So is a shovel. It's also a tool. There are situations where you can use a
shovel to do something useful. C++ isn't one of them.
>The regular posts here about garbage collection in C++
typically come from newbie programmers who haven't acquired
sufficient discipline to keep track of their own objects.

Yah. Newbies with 20 years of C++ experience. Newbies who
Don't get snippy with me, young man. I outrank you by a few years.
unlike you actually know what they're doing. (FWIW, one of the
proponents of garbage collection in the C++ standards committee
is Bjarne Stroustrup. And he's got even more C++ experience
than I do.)
A quick search finds no evidence that he is a "proponent" of garbage
collection. He discusses the subject, but not from a position of advocacy,
and actually argues that there are better techniques available, in C++, than
garbage collection.

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Nov 17 '08 #30

P: n/a
On Nov 17, 1:08 pm, Sam <s...@email-scan.comwrote:
James Kanze writes:
On Nov 16, 3:54 pm, Sam <s...@email-scan.comwrote:
George Kettleborough writes:
On 15/11/08 15:57, pushpakul...@gmail.com wrote:
Is garbage collection possible in C++. It doesn't come
as part of language support. Is there any specific
reason for the same due to the way the language is
designed. Or it is discouraged due to some specific
reason. If someone can give inputs on the same, it will
be of great help.
A related question if I may: Is garbage collection necessary
I'll stop right here. The answer is, obviously, "no",
insofar as C++ is concerned.
It's not necessary, no. For that matter, classes aren't
necessary either. Garbage collection is just a tool: it
reduces

So is a shovel. It's also a tool. There are situations where
you can use a shovel to do something useful. C++ isn't one of
them.
You might try a better analogy. Shovels aren't used in
programming in general (although there are more than a few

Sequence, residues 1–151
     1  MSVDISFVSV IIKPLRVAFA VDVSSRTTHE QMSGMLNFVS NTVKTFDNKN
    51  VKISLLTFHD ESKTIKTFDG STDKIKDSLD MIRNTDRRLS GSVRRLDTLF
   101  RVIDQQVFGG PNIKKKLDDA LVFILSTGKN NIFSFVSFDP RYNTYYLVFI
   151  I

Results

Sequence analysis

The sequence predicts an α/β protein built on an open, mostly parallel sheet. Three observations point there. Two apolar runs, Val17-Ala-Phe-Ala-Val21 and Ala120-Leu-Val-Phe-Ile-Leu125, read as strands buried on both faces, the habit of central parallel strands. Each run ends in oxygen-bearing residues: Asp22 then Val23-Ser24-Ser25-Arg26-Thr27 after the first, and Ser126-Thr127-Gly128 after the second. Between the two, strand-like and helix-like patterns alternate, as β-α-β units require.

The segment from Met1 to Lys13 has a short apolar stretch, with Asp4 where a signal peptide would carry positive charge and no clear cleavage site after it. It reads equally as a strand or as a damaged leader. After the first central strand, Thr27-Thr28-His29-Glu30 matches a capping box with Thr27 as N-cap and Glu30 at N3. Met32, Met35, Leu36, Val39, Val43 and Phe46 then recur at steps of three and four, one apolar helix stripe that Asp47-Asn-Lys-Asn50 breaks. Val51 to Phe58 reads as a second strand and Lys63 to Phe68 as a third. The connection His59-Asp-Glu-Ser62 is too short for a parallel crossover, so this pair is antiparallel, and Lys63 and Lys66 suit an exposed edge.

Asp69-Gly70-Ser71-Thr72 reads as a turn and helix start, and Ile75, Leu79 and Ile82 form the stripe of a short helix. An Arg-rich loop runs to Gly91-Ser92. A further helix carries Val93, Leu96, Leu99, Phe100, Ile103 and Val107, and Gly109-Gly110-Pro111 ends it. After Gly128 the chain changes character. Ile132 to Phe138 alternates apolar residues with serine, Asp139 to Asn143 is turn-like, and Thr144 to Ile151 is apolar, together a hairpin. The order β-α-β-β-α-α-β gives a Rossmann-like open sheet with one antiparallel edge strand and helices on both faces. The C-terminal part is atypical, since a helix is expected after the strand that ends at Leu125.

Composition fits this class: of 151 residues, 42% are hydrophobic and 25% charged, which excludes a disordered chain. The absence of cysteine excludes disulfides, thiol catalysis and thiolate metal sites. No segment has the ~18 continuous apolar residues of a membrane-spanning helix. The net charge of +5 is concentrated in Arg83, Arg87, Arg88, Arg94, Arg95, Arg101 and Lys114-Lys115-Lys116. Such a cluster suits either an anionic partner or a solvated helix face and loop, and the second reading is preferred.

programs that I would like to bury). Garbage collection is
useful in C++, and in fact, is actively being used by a number
of programmers.
The regular posts here about garbage collection in C++
typically come from newbie programmers who haven't acquired
sufficient discipline to keep track of their own objects.
Yah. Newbies with 20 years of C++ experience. Newbies who
Don't get snippy with me, young man. I outrank you by a few
years.
If you did, you'd be retired. (The first machine I ever
programmed was an IBM 1401. Beat that if you can:-).)
unlike you actually know what they're doing. (FWIW, one of the
proponents of garbage collection in the C++ standards committee
is Bjarne Stroustrup. And he's got even more C++ experience
than I do.)
A quick search finds no evidence that he is a "proponent" of
garbage collection.
Have you checked in the discussions on the mail reflectors of
the standardization group? He's more interested in other
aspects, but has expressed himself in favor of garbage
collection on several occasions.

Note that this is an evolution in his position (due, I suspect,
to an evolution in garbage collection technolgy); before 1990,
he doubtlessly could have added it without really asking anyone.
But the technology available before 1990 is a far cry from what
is available today.
He discusses the subject, but not from a position of advocacy,
and actually argues that there are better techniques
available, in C++, than garbage collection.
There are certainly better techniques for some things. For
others, not necessarily. Anything which reduces the amount of
code I have to write myself is a good thing; there are enough
real problems in my applications that I don't have to
artificially create extra work just to keep me busy. And like
all techniques, it can easily be abused, but the fact that
something can be abused isn't a reason for not including it in
C++.

The only real problem garbage collection has is that it has been
presented as a panacea by some (not all) Java proponents; I've
actually been told that you couldn't have memory leaks in Java,
because of garbage collection (at the same time that Sun was
admitting to serious memory leaks in Swing). If you expect
garbage collection to solve every problem, you're going to be
disappointed. But that's not a problem with garbage collection;
that's a problem with your expectations. (And it's not really
unlike many of the postings here on the subject of smart
pointers.)

--
James Kanze (GABI Software) email:ja*********@gmail.com
Conseils en informatique orientée objet/
Beratung in objektorientierter Datenverarbeitung